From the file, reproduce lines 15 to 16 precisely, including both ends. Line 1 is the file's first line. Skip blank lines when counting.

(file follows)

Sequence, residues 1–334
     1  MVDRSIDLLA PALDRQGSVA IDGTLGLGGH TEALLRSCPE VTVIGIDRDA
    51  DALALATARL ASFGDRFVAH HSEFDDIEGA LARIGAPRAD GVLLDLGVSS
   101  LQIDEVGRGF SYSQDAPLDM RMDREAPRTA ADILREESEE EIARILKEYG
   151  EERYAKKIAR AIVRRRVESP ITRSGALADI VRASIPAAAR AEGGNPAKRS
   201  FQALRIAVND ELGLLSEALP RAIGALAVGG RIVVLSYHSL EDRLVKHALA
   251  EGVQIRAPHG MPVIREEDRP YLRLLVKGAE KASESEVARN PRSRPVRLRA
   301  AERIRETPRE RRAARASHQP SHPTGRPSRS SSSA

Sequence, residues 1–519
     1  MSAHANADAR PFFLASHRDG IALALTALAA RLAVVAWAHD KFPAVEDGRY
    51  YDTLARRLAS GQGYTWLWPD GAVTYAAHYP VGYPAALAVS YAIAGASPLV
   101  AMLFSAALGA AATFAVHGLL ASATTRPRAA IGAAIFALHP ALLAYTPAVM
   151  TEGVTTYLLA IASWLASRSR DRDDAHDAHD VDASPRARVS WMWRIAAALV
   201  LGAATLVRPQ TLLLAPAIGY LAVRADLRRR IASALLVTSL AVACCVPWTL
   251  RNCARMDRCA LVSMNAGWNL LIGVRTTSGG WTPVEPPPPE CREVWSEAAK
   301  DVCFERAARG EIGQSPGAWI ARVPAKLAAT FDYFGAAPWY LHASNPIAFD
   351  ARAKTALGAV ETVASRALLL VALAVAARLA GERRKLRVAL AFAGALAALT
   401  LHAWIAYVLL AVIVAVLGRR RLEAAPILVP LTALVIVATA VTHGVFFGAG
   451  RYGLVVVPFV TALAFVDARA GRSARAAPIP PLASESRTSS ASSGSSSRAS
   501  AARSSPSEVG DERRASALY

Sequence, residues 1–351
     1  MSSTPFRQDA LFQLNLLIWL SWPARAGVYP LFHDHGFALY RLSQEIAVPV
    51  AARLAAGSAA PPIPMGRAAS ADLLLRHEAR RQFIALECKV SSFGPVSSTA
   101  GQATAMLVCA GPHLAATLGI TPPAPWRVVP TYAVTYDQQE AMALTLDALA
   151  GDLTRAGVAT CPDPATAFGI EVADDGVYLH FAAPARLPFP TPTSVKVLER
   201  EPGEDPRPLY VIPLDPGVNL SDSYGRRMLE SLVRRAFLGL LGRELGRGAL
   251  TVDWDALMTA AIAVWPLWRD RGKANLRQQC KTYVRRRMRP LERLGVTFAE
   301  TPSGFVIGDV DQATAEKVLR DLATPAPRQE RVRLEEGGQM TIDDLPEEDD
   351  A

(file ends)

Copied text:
   251  RNCARMDRCA LVSMNAGWNL LIGVRTTSGG WTPVEPPPPE CREVWSEAAK
   301  DVCFERAARG EIGQSPGAWI ARVPAKLAAT FDYFGAAPWY LHASNPIAFD